No one can ignore my father’s suspicious plethora of fabric footwear, which includes not only the woolen sock drawer but a sister drawer filled with enough dress socks for a caterpillar black tie event. Perhaps I am genetically predisposed to a sock fetish that runs in my family. More likely is that I take comfort in knowing that the socks will always be there for me. There is something powerful about a simple object that can give you happiness and fulfillment. I believe in socks.
Two years ago I discovered my dad’s sock drawer, and instead of finding a stash of porn, I found socks, lots and lots of socks. Intrigued that a person could fill an entire drawer with such things, I tried a pair on. It was amazing.
Not only could I make out the shape of my foot now, but the heels didn’t ride up when I put on my shoes, creating a baggy pouch that would rest atop the back of my shoe like some sort of ankle tumor. The socks also had a thicker bottom, making me slightly taller with each cushioned step.
The socks solved a current problem of mine. I happen to enjoy doing homework not on my desk, but lying on my stomach with my legs swinging and flailing above my head. Until recently this activity had presented a problem. Sand from my shoes would become dislodged and fall into my pant legs thus chaffing my knees. However, the removal of my shoes would only be announced by the odiferous quality of my feet, unable to be contained by my previous, flimsy, white tube socks.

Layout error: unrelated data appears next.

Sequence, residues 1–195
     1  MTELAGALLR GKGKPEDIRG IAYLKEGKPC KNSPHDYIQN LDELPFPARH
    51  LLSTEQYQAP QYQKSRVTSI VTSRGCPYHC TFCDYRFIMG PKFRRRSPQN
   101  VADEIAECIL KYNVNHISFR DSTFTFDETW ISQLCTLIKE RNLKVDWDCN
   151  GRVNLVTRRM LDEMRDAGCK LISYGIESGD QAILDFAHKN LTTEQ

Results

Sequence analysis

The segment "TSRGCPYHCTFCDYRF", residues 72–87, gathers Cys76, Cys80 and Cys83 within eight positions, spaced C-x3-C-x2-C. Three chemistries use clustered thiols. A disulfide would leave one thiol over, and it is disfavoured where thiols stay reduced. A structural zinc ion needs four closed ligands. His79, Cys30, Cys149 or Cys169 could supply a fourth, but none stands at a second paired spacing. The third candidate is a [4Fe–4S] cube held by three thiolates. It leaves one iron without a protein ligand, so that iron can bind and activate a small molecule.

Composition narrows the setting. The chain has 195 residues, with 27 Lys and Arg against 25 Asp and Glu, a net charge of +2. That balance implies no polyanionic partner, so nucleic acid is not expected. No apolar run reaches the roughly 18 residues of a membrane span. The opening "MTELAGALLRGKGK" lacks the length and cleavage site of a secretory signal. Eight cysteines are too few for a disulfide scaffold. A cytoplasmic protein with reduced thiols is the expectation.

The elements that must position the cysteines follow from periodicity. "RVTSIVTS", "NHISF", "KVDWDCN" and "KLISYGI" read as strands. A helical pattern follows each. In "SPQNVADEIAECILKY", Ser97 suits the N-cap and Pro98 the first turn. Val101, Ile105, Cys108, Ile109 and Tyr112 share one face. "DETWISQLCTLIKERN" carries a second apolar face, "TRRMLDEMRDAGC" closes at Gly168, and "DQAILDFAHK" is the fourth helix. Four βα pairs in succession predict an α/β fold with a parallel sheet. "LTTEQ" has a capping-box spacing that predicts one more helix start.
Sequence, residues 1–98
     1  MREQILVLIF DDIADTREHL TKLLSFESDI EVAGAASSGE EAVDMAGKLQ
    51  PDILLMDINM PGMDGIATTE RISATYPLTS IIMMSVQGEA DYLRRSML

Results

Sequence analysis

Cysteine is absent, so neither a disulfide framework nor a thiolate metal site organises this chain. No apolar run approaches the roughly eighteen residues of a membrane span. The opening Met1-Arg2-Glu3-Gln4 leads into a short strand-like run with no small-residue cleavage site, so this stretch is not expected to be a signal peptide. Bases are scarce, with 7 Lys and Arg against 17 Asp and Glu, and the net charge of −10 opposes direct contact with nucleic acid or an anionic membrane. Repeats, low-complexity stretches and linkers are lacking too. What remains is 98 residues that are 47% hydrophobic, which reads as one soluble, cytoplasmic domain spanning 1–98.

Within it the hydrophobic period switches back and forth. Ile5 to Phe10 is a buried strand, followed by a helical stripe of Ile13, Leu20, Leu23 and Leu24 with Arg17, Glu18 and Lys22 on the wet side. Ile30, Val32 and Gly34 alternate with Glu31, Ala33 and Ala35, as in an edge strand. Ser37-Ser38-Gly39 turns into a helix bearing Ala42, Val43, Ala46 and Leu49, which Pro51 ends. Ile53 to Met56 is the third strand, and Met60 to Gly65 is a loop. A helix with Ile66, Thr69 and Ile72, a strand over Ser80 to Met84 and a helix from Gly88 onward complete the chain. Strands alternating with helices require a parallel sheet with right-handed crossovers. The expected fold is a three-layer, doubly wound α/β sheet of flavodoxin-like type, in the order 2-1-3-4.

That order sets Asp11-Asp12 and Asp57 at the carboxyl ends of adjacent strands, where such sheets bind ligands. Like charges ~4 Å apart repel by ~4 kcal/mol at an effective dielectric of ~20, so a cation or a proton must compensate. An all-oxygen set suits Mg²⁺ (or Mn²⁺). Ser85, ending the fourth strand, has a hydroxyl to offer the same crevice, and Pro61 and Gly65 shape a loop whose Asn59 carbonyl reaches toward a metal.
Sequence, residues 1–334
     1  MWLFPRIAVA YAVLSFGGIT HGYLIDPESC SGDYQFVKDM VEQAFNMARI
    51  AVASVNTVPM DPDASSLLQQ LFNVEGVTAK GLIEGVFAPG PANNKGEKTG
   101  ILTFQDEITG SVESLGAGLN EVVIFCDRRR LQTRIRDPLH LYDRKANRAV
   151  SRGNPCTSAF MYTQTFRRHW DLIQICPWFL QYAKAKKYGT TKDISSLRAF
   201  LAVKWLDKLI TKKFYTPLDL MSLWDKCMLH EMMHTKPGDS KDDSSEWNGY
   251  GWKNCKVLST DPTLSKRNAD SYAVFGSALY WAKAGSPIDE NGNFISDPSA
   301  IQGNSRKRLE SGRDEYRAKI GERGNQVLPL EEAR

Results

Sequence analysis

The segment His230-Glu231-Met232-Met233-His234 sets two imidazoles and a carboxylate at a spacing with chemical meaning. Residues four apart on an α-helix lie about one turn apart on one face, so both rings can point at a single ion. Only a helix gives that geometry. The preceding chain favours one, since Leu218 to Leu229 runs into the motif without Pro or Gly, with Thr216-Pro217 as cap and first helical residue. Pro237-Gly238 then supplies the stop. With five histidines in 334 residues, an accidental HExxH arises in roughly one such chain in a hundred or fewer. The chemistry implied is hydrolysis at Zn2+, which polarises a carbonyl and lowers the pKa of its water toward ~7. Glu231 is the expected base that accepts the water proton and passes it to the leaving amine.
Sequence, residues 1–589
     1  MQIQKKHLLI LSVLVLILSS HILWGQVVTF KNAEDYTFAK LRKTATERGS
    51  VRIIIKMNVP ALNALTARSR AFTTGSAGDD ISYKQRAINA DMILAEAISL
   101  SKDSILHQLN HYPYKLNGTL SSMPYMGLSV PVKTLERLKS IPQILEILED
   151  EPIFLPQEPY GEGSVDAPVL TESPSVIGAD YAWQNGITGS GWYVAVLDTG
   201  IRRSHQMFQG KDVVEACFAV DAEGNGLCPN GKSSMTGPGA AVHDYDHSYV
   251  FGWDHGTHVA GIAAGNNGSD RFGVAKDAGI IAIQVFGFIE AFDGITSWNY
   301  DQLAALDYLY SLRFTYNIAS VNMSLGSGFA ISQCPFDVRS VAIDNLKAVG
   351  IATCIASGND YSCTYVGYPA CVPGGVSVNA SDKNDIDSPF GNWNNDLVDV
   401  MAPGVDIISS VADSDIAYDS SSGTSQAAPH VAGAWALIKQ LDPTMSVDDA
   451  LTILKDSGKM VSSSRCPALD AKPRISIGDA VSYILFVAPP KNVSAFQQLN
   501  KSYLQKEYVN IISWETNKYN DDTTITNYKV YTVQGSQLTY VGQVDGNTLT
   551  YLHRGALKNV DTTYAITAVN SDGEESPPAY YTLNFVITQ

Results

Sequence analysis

At first the socks were merely a functional solution to my sandy problem and a way to warm my digits; however, I soon developed an addiction to the wonder garments, no longer able to start my homework without them. Before doing my homework, I used to perform a menagerie of rituals, that would not only waste biblical proportions of time, but redefine Webster’s definition of procrastination. One ritual included the sharpening of five Ticonderoga pencils and the consumption of an entire bag of frozen peas before even contemplating the integration of trigonometric functions by finding anti-derivatives. The unthawed legumes were soon replaced by socks.
After an exhausting day at school, I would come home and adorn these woolen creatures. They were the antidote to my procrastination problem. They were my Ritalin. When I donned my socks, I became invincible, focused and sexy. The socks even possessed a sock wisdom, always knowing how to hug and warm my feet with a perfect amount of snugness that seemed to say, “Alec, we’re here for you.”
And they were there for me, right in the bottom of my father’s dresser drawer.
If you enjoyed this essay, please consider making a tax-deductible contribution to This I Believe, Inc.